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Document Type

Article

Abstract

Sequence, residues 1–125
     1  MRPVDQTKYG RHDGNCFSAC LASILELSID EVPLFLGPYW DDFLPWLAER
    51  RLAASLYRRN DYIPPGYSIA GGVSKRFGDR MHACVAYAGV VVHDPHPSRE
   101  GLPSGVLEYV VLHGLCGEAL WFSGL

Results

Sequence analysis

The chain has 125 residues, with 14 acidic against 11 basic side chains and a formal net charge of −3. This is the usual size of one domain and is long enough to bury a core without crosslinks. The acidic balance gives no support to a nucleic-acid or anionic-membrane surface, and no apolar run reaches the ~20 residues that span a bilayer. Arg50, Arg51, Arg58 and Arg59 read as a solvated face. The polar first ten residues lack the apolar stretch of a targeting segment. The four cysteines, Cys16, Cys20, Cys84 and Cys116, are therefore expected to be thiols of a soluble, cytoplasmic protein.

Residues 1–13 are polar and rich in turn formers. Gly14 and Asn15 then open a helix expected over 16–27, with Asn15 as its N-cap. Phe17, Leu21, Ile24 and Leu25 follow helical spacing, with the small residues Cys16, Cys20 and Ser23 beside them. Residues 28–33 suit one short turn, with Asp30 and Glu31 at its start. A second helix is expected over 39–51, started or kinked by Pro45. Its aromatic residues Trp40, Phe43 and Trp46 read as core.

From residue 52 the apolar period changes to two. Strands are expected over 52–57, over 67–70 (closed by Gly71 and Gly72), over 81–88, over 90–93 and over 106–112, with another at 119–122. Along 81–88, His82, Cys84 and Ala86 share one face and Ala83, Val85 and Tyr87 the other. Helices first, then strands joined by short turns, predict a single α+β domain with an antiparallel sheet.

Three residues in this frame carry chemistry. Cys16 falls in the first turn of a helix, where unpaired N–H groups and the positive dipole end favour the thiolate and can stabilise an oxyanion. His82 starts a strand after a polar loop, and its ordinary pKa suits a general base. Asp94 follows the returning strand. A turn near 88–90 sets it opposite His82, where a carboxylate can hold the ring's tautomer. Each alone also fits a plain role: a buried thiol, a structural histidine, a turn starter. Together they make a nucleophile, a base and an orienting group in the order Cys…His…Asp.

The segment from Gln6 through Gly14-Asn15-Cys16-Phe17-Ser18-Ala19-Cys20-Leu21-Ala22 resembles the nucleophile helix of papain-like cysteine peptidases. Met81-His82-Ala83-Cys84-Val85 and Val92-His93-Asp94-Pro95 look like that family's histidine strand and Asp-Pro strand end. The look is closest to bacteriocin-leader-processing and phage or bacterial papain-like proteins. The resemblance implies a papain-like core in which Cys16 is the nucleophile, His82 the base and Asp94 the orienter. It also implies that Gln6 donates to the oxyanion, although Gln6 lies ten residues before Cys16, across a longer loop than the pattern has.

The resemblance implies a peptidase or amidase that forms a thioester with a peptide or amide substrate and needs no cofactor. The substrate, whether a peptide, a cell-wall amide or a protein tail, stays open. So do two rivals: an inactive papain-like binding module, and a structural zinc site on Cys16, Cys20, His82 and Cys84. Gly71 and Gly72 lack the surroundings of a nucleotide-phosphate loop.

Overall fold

To examine the effects of coach gender and style on female athletes ' performance-related perceptions, volunteers (n = 77) were randomly assigned to one of four scenario conditions. The scenarios depicted a coach as varying in gender and coaching style (autocratic, democratic). Participants completed measures of self-confidence, compatibility, competitiveness, performance expectancy and trust imagining the depicted coach as their own. Results showed that a democratic coaching style resulted in greater perceived coach-athlete compatibility than an autocratic style. Female athletes were found to feel more compatible with a male coach than a female coach. Findings also indicated that when pushed by their female coaches, competitiveness was associated with perceived distrust, poor performance, low athletic confidence and coach-athlete incompatibility. Women athletes' needs are discussed.

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